Why shouldn't I hate a person
Why do we hate
An incomplete answer. From Diana Michl
We rigorously reject what we hate. It is far from us, spiritually or actually. Or it should be kind of far away - because who wants to be close to what they reject? Only: the hated touches. Something that is not so important to us, that is really strange or that is really far from us does not produce strong emotions such as hatred or anger. No, hatred is directed towards things and people that are somehow close to you - or even similar, often more than you suspect. So what is it that we hate? A psychological answer: our shadow, a part of ourselves; the parts of the personality that we do not want, that have not been promoted, are not wanted and are therefore repressed or split off, but continue to exist in us in a suppressed and uncultivated manner. Sometimes the downside of our obvious character traits, they are also silent desires, needs, impulses, ideas and values that have not been lived. The more we strengthen and highlight one aspect of our personality, the more forcefully the personality is pushed in a certain direction, the longer its shadow becomes. Since this only exists in the unconscious, it can develop an enormous power and influences our feelings and actions in an uncontrolled manner. What is not allowed to be in us, we hate in others. For this, things and people do not have to embody our shadow, it is often enough if they just remind us of him. Then they become projection surfaces and we impose our unconscious, undesirable parts on them without realizing it. As a result, rejection, hatred and anger can be carried outwards instead of directed internally, which is simpler and more pleasant and does not shake the self-image. Hatred of homosexuals or those who think differently are striking examples: whoever hates them, speaks to their shadow. So you really hate something different from what you think. So hatred and angry, furious rejection come back to you like a boomerang.
Unmasking the real object of hate, however, is like a scavenger hunt through the soul, sometimes lengthy and tricky; It takes an undisguised look, honest, critical examination of yourself. Cultivating proxy hatred, on the other hand, is easy, practical and connects with like-minded people. He does not need any questioning, no laborious self-knowledge, no facts and is a grateful outlet for emotions. Hatred and anger, but also fear, are powerful - sometimes they just need space. And an object that is suitable as a projection surface. You don't want to know too much about the object, because it has to be able to be filled with your own ideas, adequately hated and also feared. But who wants to feel fear right now? Indefinite fear or specific fear, such as an uncertain future? From isolation or poverty of any kind? From politics that pass you by or from feeling strange and wrong in your own home country? In short: fear of the unknown? Fear is oppressive; turning it into anger or hatred makes you strong, and anger is easier to act out. Xenophobia and images of the enemy are very seldom the result of a bad experience with a stranger, but mostly of primal fears or other, more personal, individual fears. Strangers and enemies are then only projection surfaces, their perceived threat remains abstract. But anger, hatred and clear enemy images of course still provide support and orientation in a complex, ever more complicated and faster world. Can there also be a world without it?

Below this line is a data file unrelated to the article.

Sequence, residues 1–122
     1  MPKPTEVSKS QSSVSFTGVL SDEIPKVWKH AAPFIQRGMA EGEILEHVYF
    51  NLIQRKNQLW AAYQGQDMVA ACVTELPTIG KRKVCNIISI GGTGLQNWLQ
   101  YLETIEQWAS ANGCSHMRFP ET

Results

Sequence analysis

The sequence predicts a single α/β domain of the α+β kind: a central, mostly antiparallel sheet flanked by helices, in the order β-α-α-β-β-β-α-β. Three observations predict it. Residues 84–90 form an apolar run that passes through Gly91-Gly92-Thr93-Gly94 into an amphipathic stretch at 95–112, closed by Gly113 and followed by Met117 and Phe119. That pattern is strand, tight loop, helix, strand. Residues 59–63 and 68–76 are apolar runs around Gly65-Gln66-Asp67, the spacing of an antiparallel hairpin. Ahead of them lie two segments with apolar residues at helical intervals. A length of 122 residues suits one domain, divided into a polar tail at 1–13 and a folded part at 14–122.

Hate as an orientation for good and bad, right and wrong: Sure, there are many other donors. Hatred and anger as a disguised fear: In theory, yes. Fear could also be transformed into another type of powerful, energetic aggression, into productive, grabbing curiosity that fearlessly confronts the perceived danger and questions and questions it. This is possible for open-minded people. But can there be a world without hatred as a rejection of one's own shadow? That seems impossible in theory. To do this, everyone who feels hatred would have to analyze their own psyche. What would be necessary would be an unfiltered, unadorned self-perception, a mercilessly sincere and neutral introspection, critical discussion with suitable, competent interlocutors, with the "hostile" object, resistance to the usual simple answers and to people with the same shadow proportions. The problems begin with the fact that nobody can analyze themselves neutrally and unfiltered, and can (successfully) be treated and not everyone wants to. Not developing a shadow from the outset is also unrealistic, especially since it begins to form very early through education and socialization and can only be controlled by the individual, if at all, late.
Presumably, hatred is part of being human. But when it becomes dangerous, how should you deal with it? Make peace with the hate object? Not that easy, and it also has to be recognized correctly. React the anger in hatred? It would be helpful if anger itself were given more space and legitimacy in society to be lived out harmlessly and not to accumulate. That would at least be a first small step. How about, for example, soft rubber cushions in public places that you can briefly hit, kick or push? Small, healthy lightning rods for spontaneous anger, no matter what. Doesn't hurt anyone, afterwards you feel more relaxed and nobody has to go to the trauma surgeon. The author of this article would have benefited from this herself. Of course, this does not get to the bottom of real hatred, corrects or cures it, and it requires the will to react harmlessly to an intended object instead of, for example, a (supposedly hated) person or the Internet. Even if that does not reach everyone who it helps: As a small support in everyday life, it could take the edge off some anger ... ■
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